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Learning to Play Bayesian Games

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  • Eddie Dekel
  • Drew Fudenberg
  • David K Levine

Abstract

This paper discusses the implications of learning theory for the analysis of games with a move by Nature. One goal is to illuminate the issues that arise when modeling situations where players are learning about the distribution of Nature's move as well as learning about the opponents' strategies. A second goal is to argue that quite restrictive assumptions are necessary to justify the concept of Nash equilibrium without a common prior as a steady state of a learning process.

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File URL: http://www.dklevine.com/papers/bg_July22_2002.pdf
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Bibliographic Info

Paper provided by David K. Levine in its series Levine's Working Paper Archive with number 625018000000000151.

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Date of creation: 21 Jul 2002
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Handle: RePEc:cla:levarc:625018000000000151

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Web page: http://www.dklevine.com/

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References

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  1. Drew Fudenberg & David K. Levine, 1993. "Self-Confirming Equilibrium," Levine's Working Paper Archive 2147, David K. Levine.
  2. E. Kalai & E. Lehrer, 2010. "Rational Learning Leads to Nash Equilibrium," Levine's Working Paper Archive 529, David K. Levine.
  3. Levine, David & Dekel, Eddie & Fudenberg, Drew, 1999. "Payoff Information and Self-Confirming Equilibrium," Scholarly Articles 3200614, Harvard University Department of Economics.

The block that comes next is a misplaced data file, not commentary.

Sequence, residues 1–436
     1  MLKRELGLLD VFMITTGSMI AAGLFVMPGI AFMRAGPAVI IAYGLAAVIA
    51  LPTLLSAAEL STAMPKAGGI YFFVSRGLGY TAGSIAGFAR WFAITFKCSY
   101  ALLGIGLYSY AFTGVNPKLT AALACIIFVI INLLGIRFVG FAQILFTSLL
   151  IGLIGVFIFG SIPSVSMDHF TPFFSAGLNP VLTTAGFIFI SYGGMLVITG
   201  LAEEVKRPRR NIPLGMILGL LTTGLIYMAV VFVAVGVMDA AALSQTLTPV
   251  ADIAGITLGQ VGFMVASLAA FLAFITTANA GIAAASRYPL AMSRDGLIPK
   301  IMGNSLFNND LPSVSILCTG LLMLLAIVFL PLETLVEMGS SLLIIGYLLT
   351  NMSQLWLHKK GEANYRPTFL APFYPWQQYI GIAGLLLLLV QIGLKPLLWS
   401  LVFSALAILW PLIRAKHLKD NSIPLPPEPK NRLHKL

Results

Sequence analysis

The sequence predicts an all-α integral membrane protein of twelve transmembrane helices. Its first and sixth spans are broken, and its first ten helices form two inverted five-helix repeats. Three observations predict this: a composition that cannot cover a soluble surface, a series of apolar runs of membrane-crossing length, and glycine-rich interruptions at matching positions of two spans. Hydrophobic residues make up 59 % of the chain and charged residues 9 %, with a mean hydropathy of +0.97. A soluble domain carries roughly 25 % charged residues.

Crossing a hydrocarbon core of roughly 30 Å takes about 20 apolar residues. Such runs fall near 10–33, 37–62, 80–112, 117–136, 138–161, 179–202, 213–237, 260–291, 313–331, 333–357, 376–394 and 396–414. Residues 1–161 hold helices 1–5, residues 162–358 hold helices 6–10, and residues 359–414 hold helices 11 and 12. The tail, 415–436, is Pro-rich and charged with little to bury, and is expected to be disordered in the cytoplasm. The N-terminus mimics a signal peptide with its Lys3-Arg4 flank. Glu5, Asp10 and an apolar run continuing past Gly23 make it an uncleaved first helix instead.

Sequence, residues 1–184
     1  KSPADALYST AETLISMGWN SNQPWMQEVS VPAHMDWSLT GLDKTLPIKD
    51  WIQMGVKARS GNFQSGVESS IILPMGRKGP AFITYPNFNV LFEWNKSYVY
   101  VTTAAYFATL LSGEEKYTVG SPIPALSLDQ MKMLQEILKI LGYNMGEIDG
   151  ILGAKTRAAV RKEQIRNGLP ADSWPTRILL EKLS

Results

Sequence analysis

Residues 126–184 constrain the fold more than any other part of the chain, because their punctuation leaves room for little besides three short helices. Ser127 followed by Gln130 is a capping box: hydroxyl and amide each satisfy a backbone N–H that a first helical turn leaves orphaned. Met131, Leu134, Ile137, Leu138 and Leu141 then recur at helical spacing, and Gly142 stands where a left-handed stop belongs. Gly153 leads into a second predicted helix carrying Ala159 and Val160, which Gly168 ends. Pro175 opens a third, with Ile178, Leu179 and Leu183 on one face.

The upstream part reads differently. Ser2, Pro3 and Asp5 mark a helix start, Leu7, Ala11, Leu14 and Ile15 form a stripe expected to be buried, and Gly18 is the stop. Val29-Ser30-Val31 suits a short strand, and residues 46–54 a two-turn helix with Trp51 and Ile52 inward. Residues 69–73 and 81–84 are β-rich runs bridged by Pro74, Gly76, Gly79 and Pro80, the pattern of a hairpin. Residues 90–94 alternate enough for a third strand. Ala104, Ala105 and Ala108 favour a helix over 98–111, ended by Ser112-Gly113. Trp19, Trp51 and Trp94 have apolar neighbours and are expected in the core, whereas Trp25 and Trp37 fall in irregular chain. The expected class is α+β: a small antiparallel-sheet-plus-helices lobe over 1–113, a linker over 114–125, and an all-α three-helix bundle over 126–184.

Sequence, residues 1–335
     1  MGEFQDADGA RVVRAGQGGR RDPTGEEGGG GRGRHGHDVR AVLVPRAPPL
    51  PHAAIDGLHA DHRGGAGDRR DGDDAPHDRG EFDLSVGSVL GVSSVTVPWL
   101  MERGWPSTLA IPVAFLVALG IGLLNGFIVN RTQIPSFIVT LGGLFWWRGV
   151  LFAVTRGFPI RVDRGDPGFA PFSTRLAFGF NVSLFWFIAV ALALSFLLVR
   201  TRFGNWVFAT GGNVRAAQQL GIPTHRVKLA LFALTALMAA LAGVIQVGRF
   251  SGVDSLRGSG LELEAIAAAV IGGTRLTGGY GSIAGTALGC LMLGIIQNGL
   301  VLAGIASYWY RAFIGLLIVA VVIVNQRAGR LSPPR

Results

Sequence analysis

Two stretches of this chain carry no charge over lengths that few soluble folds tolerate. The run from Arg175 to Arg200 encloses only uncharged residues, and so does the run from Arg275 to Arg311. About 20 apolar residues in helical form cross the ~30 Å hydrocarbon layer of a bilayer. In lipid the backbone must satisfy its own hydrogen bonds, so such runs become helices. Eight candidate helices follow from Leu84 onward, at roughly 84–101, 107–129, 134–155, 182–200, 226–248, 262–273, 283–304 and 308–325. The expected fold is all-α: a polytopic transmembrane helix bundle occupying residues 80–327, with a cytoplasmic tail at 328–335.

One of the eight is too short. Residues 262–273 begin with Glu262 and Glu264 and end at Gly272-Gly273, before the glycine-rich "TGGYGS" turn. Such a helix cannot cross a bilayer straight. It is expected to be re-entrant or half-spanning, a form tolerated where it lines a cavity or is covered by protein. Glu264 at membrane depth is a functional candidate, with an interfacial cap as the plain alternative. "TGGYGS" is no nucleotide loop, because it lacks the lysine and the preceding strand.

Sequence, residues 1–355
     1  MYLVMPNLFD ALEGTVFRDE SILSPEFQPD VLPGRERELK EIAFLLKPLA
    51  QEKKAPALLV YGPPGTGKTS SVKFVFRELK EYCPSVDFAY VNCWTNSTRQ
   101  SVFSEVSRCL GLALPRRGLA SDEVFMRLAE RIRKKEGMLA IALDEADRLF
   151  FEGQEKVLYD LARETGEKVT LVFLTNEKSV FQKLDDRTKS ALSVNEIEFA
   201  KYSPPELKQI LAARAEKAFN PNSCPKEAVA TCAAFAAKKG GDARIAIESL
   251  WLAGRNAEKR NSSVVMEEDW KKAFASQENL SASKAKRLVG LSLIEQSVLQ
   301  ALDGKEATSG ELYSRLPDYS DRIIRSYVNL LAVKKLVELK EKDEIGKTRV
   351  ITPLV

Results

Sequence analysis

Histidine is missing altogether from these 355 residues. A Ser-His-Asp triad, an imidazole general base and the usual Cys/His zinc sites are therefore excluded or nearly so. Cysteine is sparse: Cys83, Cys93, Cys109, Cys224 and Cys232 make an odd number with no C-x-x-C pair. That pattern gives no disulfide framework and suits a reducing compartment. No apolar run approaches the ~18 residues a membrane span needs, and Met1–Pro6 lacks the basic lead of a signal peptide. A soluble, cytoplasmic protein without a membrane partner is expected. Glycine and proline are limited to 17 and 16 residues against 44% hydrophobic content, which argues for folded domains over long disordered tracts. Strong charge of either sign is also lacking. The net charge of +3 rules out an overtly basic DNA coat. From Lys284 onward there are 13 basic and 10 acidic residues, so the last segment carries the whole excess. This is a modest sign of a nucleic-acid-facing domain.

4. Drew Fudenberg & David K. Levine, 1993. "Steady State Learning and Nash Equilibrium," Levine's Working Paper Archive 373, David K. Levine.
  5. Matthew Jackson & Ehud Kalai, 1995. "Social Learning in Recurring Games," Discussion Papers 1138, Northwestern University, Center for Mathematical Studies in Economics and Management Science.
  6. David Spector, 2000. "Rational Debate And One-Dimensional Conflict," The Quarterly Journal of Economics, MIT Press, vol. 115(1), pages 181-200, February.
  7. A. Rubinstein & A. Wolinsky, 2010. "Rationalizable Conjectural Equilibrium: Between Nash and Rationalizability," Levine's Working Paper Archive 369, David K. Levine.
  8. Fudenberg, Drew & Kreps, David M., 1995. "Learning in extensive-form games I. Self-confirming equilibria," Games and Economic Behavior, Elsevier, vol. 8(1), pages 20-55.
  9. Levine, David & Fudenberg, Drew, 1997. "Measuring Players' Losses in Experimental Games," Scholarly Articles 3160492, Harvard University Department of Economics.
  10. Abhijit Banerjee & Rohini Somanathan, 2001. "A Simple Model Of Voice," The Quarterly Journal of Economics, MIT Press, vol. 116(1), pages 189-227, February.
  11. Cox, James C. & Shachat, Jason & Walker, Mark, 2001. "An Experiment to Evaluate Bayesian Learning of Nash Equilibrium Play," Games and Economic Behavior, Elsevier, vol. 34(1), pages 11-33, January.
  12. Mitropoulos, Atanasios, 2001. "Learning under minimal information: An experiment on mutual fate control," Journal of Economic Psychology, Elsevier, vol. 22(4), pages 523-557, August.
  13. Hitoshi Matsushima, 1998. "Towards a Theory of Subjective Games," CIRJE F-Series CIRJE-F-9, CIRJE, Faculty of Economics, University of Tokyo.
  14. Jordan J. S., 1995. "Bayesian Learning in Repeated Games," Games and Economic Behavior, Elsevier, vol. 9(1), pages 8-20, April.
  15. Thomas Piketty, 1994. "Social Mobility and Redistributive Politics," Working papers 94-15, Massachusetts Institute of Technology (MIT), Department of Economics.
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